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Concerns Raised At Community Panel on Decommissioning San Onofre Nuclear Power Plant

Evening Edition

The San Onofre Nuclear Power Plant has been shut down and defueled. Now plans to permanently store the plant’s nuclear waste are being drafted.

A Community Engagement Panel convened by the plant's owner, Southern California Edison, met Thursday night to discuss plans for next steps. The panel is made up of elected officials from the city and county, environmental advocates and scientists.

Edison's Citizens' Engagement Panel members: Gene Stone, environmental watchdog, flanked by Oceanside Councilman Jerry Kern and Orange County
 Supervisor Pat Bates, Aug. 28 2014.

Gene Stone, a panel member and representative of Residents Organized for a Safe Environment in San Clemente, brought up his concerns about containers or casks that will store the nuclear waste through perpetuity.

He compared the importance of their selection to the steam generators, which leaked and caused the plant to be shut down last year.

“The biggest thing on the radar is making sure Edison doesn’t award a contract too quickly, and that all the cask manufactures have a chance to make a bid, and that we choose the right cask and not the cheapest cask,” Stone said. “It’s very important for the people of California and the economy that we don’t have to buy these things again, like the steam generator debacle.”

David Victor, chair of Edison's Citizens' Engagement Panel, with San Clemente
 Mayor Tim Brown, a panelist, at a meeting in Oceanside, Aug. 28, 2014.

David Victor, chairman of the panel and professor at UC San Diego, agreed, and said another concern is how the stored waste will be monitored over the long term.

“Part of that is buying a container, and part of that is a plan for monitoring the container, monitoring what’s called the ‘overpack,’ which is the concrete in which the container sits, and then periodically relicensing it,” Victor said. “The Nuclear Regulatory Commission requires that every container be relicensed every 20 years.”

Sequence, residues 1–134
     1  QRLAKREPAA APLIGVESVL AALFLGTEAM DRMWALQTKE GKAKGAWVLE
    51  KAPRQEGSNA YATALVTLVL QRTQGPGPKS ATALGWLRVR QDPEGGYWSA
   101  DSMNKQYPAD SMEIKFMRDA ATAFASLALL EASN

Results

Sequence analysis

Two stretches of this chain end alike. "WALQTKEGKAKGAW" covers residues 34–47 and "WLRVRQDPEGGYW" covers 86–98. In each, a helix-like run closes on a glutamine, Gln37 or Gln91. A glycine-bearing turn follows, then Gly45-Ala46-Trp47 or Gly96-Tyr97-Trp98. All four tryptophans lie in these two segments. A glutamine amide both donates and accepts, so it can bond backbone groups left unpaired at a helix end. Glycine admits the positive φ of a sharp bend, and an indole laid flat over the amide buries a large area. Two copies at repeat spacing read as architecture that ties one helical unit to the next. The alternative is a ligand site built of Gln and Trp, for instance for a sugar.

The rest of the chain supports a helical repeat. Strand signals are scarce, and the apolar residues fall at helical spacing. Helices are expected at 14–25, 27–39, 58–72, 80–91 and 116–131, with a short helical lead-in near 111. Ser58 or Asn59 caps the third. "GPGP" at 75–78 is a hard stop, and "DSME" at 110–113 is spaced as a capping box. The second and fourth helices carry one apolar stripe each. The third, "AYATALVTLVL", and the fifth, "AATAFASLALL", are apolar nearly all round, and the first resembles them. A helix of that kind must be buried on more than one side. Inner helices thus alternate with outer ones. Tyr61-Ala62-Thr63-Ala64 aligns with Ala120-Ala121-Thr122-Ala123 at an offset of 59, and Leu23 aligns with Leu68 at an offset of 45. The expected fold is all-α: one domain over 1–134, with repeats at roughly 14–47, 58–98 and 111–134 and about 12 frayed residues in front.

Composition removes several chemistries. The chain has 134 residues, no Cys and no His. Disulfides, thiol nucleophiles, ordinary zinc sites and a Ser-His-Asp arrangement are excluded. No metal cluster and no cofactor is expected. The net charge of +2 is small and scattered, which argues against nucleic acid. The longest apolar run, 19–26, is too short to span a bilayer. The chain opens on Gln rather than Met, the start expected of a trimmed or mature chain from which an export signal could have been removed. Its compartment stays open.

Thursday evening’s discussion was not the end of questions on the containers. There have been so many technical concerns that a panel subcommittee has narrowed inquiries down to seven key questions, which they are in the process of researching.

Key questions include what would be done if a problem were found in a container and what is known about the aging of the materials the containers are made from.

Environmental impact reports and project costs were also discussed at the meeting.

Vice President for the Chairman’s Office at Edison International Chris Thompson said enough money to decommission the plant has already been collected from ratepayers over the life of the plant. The cost is estimated to be $4.4 billion, of which $3.3 billion is Edison's responsibility. SDG & E is 20 percent owner of the plant but did not speak at the meeting.

The plan covers storing the radioactive waste through 2050. Edison officials are calling for the U.S. Department of Energy to be responsible after that, since Edison said it has failed in its commitment to provide a long term storage solution for spent nuclear fuel.

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